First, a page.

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" There will be no shooting without my explicit instruction "
— Bruce Greenwood (as Robert F. Kennedy), Thirteen Days

MRQE Top Critic

Creed II

It's all about the importance of character and the ability to face life's challenges. —Matt Anderson (review...)

Creed II

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Sweet Home Alabama is pure formula. Just about everything about it is a cliche. And yet, there are some redeeming qualities, making this movie almost worth seeing.

Too Many Men

Dempsey and Witherspoon make a cute New York coupleReese Witherspoon is Melanie Carmichael, an up-and-coming fashion designer. Her friends tease her about her Alabama accent, which seems so out of place in the glamor of the New York fashion scene.

Her latest show is a big hit, and to cap the night, her boyfriend Andrew (Patrick Dempsey, looking like the late JFK Jr.) proposes to her in Tiffany’s, which he’s privately rented for the occasion. “Pick any one you want,” he says, in one of those New York moments open only to the wealthy and powerful.

Mel accepts, but she has to take care of some business back home.

Back in Alabama, where every stereotype is real, we learn all about Melanie’s past. There are many details, but the important one is that she is still legally married to Jake (Josh Lucas). They’ve been separated for years, but Jake never got around to signing the paperwork.

Star Quality

Witherspoon brings a life and an energy to her role, not to mention a believable personality, both in New York and in Alabama. She really could be the travelled character she plays. Witherspoon is on the verge of having the kind of star quality that Julia Roberts showed in Erin Brockovich. Give her a few more pictures to mature and she could be the next Big Thing.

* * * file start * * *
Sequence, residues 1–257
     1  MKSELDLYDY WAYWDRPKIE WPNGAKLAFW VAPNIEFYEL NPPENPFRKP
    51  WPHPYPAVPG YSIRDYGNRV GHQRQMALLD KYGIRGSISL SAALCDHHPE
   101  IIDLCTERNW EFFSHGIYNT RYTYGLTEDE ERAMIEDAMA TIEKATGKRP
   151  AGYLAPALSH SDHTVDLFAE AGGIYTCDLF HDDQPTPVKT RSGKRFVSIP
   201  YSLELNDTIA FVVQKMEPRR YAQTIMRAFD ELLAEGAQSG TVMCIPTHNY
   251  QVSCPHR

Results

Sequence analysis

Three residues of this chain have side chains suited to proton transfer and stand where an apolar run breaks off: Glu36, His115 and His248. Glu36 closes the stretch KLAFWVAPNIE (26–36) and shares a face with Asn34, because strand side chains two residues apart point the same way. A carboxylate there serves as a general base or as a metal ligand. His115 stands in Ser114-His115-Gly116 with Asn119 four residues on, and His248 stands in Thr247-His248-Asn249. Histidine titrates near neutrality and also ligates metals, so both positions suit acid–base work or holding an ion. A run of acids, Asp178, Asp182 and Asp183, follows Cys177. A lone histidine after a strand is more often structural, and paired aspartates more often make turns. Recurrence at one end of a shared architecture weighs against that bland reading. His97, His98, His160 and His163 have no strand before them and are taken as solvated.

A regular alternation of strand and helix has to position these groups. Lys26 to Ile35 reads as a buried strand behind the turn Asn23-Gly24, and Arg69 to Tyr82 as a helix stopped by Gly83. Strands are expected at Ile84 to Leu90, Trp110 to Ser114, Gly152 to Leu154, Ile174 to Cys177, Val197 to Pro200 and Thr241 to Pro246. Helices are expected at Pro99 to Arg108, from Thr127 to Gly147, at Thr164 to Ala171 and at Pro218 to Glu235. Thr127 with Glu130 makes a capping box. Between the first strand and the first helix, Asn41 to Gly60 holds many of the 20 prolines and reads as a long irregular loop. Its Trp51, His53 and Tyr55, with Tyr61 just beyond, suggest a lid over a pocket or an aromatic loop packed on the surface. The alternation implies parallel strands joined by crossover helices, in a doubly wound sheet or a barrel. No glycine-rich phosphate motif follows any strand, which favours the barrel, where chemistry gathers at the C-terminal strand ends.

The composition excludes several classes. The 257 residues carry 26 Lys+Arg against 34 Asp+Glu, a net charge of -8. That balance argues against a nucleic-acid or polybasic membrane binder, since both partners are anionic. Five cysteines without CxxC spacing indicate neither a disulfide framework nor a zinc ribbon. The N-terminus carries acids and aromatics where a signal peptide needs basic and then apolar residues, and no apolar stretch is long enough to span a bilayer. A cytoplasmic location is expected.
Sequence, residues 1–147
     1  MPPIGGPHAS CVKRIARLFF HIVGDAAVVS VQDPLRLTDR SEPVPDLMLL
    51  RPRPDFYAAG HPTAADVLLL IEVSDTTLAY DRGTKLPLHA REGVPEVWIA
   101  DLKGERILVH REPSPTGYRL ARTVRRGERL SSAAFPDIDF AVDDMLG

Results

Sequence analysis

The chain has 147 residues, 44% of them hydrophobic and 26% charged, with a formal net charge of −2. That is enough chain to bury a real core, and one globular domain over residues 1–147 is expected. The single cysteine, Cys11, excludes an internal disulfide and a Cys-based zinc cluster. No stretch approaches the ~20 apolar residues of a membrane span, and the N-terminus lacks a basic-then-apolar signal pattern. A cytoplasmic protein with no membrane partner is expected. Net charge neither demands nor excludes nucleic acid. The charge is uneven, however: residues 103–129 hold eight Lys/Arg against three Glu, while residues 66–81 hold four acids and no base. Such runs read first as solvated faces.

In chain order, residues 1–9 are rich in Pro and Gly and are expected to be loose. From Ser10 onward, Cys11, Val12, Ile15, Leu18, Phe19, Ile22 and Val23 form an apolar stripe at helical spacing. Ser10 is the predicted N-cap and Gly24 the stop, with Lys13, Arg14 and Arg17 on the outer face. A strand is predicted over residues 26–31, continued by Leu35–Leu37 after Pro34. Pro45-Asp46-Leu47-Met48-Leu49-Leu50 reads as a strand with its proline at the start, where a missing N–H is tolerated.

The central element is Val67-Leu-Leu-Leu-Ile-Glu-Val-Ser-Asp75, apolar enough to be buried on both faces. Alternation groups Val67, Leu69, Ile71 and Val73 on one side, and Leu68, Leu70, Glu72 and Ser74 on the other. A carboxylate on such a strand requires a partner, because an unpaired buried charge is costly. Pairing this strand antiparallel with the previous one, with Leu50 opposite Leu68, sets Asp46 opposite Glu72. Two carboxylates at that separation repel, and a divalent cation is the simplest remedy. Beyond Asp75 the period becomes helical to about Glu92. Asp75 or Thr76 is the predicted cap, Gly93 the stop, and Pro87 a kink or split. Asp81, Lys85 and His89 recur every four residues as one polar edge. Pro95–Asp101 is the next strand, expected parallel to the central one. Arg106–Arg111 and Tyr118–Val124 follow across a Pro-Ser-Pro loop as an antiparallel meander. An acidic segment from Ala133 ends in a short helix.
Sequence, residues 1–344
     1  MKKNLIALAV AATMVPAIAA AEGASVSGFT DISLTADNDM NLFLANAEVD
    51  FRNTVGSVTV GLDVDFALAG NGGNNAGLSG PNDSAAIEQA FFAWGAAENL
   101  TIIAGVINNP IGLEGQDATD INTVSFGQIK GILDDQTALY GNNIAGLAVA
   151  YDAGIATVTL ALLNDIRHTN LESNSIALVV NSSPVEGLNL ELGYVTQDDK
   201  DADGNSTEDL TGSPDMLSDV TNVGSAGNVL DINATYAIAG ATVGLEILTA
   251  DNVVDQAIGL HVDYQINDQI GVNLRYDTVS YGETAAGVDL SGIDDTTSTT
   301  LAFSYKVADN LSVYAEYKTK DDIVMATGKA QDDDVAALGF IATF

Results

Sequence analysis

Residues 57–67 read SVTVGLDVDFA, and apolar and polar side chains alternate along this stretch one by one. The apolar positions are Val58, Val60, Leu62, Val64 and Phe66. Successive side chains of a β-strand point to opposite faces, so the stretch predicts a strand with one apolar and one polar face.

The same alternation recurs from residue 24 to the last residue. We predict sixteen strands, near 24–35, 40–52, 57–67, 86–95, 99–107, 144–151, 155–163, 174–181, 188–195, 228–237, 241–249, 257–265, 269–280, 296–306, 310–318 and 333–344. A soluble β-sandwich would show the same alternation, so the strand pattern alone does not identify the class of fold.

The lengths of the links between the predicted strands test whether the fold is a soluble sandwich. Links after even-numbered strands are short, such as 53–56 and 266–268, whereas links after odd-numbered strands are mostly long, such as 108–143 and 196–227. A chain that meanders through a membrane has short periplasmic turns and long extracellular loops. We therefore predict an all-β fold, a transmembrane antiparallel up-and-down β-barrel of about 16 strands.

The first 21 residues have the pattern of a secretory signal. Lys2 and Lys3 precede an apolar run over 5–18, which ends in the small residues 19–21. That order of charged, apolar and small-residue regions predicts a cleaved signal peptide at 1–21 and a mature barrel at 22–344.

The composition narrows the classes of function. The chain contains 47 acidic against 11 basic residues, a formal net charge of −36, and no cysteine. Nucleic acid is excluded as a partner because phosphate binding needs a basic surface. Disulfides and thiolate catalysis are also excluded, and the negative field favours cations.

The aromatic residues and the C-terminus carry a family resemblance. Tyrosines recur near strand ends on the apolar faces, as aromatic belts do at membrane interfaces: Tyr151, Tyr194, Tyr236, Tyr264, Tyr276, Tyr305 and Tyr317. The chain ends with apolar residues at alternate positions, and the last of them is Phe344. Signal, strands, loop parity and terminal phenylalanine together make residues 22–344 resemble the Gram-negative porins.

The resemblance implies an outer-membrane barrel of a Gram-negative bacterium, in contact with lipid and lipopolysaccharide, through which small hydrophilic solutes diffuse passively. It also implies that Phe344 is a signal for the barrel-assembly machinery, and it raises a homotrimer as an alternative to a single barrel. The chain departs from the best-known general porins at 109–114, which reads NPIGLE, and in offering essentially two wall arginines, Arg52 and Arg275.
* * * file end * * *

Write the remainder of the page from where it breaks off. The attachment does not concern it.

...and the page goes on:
Both of the men in Mel’s life are good looking. Andrew, as I said, looks for all the world like JFK Jr. His character doesn’t have much room to develop, but he’s got humanity and sincerity. As for Jake, he’s got much more screen time, and he has a certain spark that implies some hidden passion. That spark and his young Matthew McConnaughy good looks makes him almost enough to counterbalance the draw of New York City.

A Friendly Disagreement

Perhaps the best thing that I can say about Sweet Home Alabama is that I disagree with where it went. The fact that I disagree says two things about the movie.

Most obviously, it says that, for my money, it’s not very well observed. And here’s a mild spoiler, so stop reading now if Sweet Home Alabama is in your weekend plans. I know people in Melanie’s position. My cousin has lived the same life as Melanie (if on a much smaller scale). I can say that there is no way that someone who felt stifled by a small town, who left and became successful in the world of Fashion, would ever consider going back. The big dilemma — Andew in New York or Jake in Alabama — should never have even come up.

But the fact that I disagree tells me that I accepted the movie at some basic level. I didn’t dismiss it outright, rather, I took it on its own terms and respectfully disagreed. So in that sense, I have to credit the movie for being well made and for making its case. If it were any worse, I wouldn’t have even bothered to disagree, I would have simply written it off.


If you’re inclined to see Sweet Home Alabama, go and enjoy Witherspoon and Lucas in their charismatic roles. Get caught up in her dilemma. Let yourself go and have fun.

But if this movie wasn’t even on your radar, then you might as well skip it.